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Grief & Loss

No amount of knowledge can prepare us for bereavement. Grief is the most intense and enduring emotion we can experience. No quick fix. No short cut. An ancient African saying is "There is no way out of the desert except through it." 

Knowledge of the grief process gives us a very generalized map of the terrain we have to cover. Each of us will take a different route. Each will choose his or her own landmarks. Each of us will travel at our own unique speed and will navigate using the tools provided by culture, experience and faith.

Knowledge helps us avoid the major pitfalls of grief. A knowledge of what is known of grief assures us that we have not lost all sense of sanity.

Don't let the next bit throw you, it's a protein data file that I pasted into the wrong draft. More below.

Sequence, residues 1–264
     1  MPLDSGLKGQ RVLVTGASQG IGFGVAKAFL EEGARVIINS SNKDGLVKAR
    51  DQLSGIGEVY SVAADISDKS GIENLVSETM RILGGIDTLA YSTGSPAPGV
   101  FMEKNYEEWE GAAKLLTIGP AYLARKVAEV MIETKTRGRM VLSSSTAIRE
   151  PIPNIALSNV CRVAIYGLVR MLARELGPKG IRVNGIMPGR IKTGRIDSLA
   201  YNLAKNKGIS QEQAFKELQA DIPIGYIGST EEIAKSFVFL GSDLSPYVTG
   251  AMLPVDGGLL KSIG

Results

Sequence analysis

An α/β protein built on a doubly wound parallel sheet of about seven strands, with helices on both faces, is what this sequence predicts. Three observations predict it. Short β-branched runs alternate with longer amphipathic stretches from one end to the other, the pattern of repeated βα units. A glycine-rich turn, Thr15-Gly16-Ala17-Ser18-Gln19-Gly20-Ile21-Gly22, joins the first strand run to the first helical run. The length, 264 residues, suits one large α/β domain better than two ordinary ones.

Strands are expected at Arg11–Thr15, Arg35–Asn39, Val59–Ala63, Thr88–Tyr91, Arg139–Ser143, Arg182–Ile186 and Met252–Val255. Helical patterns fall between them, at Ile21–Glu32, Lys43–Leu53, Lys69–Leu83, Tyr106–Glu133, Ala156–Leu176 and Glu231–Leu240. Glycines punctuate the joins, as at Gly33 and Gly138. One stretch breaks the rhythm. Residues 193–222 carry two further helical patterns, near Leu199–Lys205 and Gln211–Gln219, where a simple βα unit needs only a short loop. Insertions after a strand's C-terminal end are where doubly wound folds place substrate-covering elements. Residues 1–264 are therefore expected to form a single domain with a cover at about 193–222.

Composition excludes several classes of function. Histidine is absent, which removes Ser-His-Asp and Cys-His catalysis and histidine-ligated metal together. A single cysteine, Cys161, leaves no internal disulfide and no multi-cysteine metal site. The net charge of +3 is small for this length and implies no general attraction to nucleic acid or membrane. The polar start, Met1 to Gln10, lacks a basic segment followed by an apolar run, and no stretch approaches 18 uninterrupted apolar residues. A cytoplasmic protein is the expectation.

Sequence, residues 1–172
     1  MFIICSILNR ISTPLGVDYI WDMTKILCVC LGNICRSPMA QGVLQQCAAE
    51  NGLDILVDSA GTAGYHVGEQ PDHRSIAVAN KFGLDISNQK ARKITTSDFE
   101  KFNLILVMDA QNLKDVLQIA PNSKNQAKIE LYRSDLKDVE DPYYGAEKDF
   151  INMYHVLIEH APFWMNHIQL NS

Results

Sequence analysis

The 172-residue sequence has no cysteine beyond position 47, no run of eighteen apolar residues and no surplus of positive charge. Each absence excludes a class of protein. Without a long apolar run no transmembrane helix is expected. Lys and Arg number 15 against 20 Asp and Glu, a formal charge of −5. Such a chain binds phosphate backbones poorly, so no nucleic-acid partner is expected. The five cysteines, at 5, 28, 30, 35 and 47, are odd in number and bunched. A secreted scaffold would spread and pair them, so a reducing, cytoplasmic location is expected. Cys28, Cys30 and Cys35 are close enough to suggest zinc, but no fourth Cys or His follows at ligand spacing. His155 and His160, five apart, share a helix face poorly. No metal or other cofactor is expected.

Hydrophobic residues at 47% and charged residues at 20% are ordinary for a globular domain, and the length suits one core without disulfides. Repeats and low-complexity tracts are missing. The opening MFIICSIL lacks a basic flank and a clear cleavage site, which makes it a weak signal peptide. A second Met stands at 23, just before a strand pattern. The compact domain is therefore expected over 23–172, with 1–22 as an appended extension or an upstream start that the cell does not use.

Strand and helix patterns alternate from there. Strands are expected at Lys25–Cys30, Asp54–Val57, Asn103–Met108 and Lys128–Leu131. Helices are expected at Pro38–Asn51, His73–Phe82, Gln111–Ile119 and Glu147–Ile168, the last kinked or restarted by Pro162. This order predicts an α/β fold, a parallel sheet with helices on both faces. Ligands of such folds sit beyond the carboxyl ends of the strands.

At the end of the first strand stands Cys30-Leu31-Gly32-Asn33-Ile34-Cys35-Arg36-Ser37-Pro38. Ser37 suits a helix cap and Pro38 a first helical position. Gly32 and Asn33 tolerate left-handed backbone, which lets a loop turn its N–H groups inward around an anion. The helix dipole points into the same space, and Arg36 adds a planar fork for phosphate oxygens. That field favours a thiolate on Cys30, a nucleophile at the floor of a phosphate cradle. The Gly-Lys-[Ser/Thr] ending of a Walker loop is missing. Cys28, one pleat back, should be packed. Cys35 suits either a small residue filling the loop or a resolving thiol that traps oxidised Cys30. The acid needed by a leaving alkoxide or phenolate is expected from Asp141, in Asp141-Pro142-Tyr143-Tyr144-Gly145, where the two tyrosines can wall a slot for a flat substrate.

The Mechanics of Grief

Grief Work, Stages and Phases. Several blueprints or theories about grief have been proposed.

  • Sigmund Freud began with the concept of having to do 'grief work'. That is, a specific job should be finished before the next job begins.
  • Elizabeth Kubler Ross defined five overlapping stages as Denial, Anger, Bargaining, Depression, and Acceptance.
  • J.W. Worden refers to four tasks of mourning: Accepting the reality of the loss, experiencing the pain, adjusting to a life without your loved one and finally being able to invest your emotional energy into a new life.

Grief or bereavement theories are generalized maps. Each theory is an attempt by a caring investigator to understand and guide us through our pain. However, humans are unique and cannot be forced into particular patterns of behavior.

Health Promotion Northwest’s staff is available for individual, family, and/or workplace team meetings, or to suggest other resources in the community. Please feel free to call us at (360) 788-6565.

*Excerpts from "Swallowed by a Snake" by Tom Golden LCSW
 
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